The editor of this aid to researchers of local and family history, which one wishes one had had long ago, is professor of local and family history at the University of Sheffield. Of course family history is local history. Successful family history depends upon extensive local history. Suppose a long-established family in, say, Dumfriesshire, is found to have disappeared from the area - one should check its occupations. If one of these was shipbuilding, one should have a look across the Solway Firth to the records in Silloth or Parton and look for new arrivals. It was incredible how tiny rivulets could support this craft, but when they silted up, it was driven southwards.
The Companion, arranged alphabetically, includes an entry for "ship". The entries that follow give some idea of the book's range and diversity: shires, shops, shot/shutt, shows (agricultural), shrines, Shrove Tuesday, shrunken settlements, sickles, silk, silver, simony, single-family surnames.
Under "achievement of arms", we find: "The complete representation of the heraldic insignia of a family, including the coat of arms, crest, helmet, mantling, torse and motto." It is a pity that this does not make clear that an achievement is the property of one individual and does not belong to a family or even a surname. I have often received requests from American correspondents as to which arms they are "entitled", once their right to a surname is confirmed.
Hiring fairs, according to the book, "rarely" survived beyond the Great War. Quite a few did. Postwar agricultural workers had a longer list of requirements than prewar ones, number one being proximity of the work to a picture palace. Their occupational symbols, such as the whip of a would-be carter, were replaced with, for example, a spanner.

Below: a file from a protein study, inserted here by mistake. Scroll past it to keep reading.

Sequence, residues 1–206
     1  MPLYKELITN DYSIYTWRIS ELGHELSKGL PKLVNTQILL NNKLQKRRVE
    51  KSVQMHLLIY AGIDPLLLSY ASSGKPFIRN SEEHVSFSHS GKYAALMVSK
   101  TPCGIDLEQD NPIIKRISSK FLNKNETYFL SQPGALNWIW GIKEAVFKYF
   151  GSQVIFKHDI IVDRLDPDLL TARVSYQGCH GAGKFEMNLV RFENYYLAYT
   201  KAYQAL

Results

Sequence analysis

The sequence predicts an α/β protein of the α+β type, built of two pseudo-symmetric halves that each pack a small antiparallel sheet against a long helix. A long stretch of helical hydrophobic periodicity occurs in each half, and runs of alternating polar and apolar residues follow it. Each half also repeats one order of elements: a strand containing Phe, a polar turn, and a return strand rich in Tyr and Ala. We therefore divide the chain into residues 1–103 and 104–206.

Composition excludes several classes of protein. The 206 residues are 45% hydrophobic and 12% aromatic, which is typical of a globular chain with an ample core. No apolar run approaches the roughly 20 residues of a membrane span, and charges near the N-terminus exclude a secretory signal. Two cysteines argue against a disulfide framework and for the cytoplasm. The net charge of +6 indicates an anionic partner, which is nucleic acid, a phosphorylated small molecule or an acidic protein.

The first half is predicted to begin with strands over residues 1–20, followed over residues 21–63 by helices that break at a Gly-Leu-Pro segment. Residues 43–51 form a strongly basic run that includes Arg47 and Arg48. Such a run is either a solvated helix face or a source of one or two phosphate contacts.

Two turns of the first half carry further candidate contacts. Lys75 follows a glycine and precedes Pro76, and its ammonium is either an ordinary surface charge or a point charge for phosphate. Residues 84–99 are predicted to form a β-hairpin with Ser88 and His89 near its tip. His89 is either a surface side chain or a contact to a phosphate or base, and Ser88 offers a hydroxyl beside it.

The book rightly deals with the genealogical contribution of the Mormons. But it must be borne in mind that the famous Mormon computer print-outs contain neither burials nor the address of the individual in question. At one time in the parish of Stanhope there were three Mormon families of the same surname with a husband John and a wife Mary, each family having many children. All the children were erroneously credited to the same parents by many budding genealogists.
The record offices n the book's appendix are a formidable list. For many years after this writer began his research, there were no records offices. One had to be prepared to travel and study tombstones -which luckily were always available and always rewarding, though it was (and is) surprising how many researchers are averse to spending time on them.
In local history, personal reminiscences are invaluable. But we need to bear in mind that the human memory can play strange tricks, even with a trained observer reliving the past. There seems to be no way of eliminating this, as the editor of this extremely attractive book is fully aware.
Alfred J. Coulthard is a local and family historian based in Dorset.
The Oxford Companion to Local and Family History
Editor - David Hey
ISBN - 0 19 211688 6
Publisher - Oxford University Press
Price - £25.00
Pages - 517